Document Type


Publication Date



As of the writing of this article, President Donald Trump's tweets have included roughly 400 references to "witch hunts." In a sense, this is unsurprising. The Salem witch trials have a special place in our national identity and vocabulary. Most Americans understand the reference, even if they know few of the historical details. And the phrase "witch hunt" serves as a useful shorthand for any frenzied chase after something that does not exist. The Salem trials also inspire a peculiar fascination: Perhaps no other site of deadly mass hysteria has become a major tourist destination.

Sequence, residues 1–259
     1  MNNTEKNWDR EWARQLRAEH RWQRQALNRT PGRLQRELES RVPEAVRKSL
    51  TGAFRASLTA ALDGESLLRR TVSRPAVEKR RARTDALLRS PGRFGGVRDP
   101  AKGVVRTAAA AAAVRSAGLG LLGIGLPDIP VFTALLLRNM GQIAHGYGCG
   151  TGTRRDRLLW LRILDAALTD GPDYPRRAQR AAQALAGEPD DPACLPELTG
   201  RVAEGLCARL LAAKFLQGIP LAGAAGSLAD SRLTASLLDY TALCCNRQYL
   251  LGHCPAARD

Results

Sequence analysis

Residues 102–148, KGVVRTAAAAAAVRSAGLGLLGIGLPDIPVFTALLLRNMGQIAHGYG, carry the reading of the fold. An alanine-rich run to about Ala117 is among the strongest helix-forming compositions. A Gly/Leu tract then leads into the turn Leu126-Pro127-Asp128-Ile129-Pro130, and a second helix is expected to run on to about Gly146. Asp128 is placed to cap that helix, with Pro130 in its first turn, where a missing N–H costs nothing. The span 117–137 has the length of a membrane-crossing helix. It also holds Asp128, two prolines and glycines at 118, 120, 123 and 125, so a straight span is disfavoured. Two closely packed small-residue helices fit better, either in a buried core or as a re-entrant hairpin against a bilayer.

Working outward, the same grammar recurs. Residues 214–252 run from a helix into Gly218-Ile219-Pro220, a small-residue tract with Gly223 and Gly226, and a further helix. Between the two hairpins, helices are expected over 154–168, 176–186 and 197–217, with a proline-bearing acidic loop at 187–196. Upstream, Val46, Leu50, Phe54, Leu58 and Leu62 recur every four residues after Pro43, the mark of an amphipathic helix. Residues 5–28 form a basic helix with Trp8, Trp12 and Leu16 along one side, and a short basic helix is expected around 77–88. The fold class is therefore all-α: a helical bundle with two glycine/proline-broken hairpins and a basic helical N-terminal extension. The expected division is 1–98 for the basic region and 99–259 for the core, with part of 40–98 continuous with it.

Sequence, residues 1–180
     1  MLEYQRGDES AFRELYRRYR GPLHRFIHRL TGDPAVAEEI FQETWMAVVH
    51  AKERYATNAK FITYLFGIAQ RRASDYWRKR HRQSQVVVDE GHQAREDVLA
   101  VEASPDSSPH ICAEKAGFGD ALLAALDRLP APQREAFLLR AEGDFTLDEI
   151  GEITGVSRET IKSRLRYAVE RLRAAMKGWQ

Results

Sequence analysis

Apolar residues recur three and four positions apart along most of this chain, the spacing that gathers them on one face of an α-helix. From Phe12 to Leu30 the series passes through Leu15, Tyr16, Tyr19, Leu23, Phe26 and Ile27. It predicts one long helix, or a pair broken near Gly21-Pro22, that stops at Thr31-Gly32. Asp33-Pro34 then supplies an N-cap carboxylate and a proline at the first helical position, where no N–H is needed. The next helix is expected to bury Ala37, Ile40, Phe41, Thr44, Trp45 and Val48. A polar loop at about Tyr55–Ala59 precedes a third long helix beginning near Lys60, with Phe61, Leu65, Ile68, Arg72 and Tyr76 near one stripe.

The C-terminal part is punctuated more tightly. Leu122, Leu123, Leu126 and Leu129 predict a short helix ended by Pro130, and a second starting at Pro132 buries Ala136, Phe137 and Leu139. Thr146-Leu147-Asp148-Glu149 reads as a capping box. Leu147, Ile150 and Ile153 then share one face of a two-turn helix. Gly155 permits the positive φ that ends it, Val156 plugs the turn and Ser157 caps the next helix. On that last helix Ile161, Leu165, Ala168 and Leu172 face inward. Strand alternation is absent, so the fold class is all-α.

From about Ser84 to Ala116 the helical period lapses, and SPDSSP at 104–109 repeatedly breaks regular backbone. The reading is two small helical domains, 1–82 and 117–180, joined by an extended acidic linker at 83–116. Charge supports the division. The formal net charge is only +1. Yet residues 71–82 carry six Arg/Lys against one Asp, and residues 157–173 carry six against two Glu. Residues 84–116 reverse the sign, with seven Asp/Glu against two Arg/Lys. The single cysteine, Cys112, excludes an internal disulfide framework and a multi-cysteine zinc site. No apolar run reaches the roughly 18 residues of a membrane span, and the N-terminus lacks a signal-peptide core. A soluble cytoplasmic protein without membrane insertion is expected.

Still, most practicing litigators probably know very little about the Salem witch trials. That's a shame because the Salem proceedings have a lot to teach us. They offer countless insights into the significance of a stable and impartial judiciary, the indispensable place of legal counsel, the critical role of procedure, and - most importantly for the purposes of this article - how the concept of proof can go terribly wrong. As tends to hold true with Salem's lessons, these are mostly cautionary tales.


2020, Published in Litigation Journal 47, no. 2, Winter (2020), by the American Bar Association. Reproduced with permission. All rights reserved. This information or any portion thereof may not be copied or disseminated in any form or by any means or downloaded or stored in an electronic database or retrieval system without the express written consent of the American Bar Association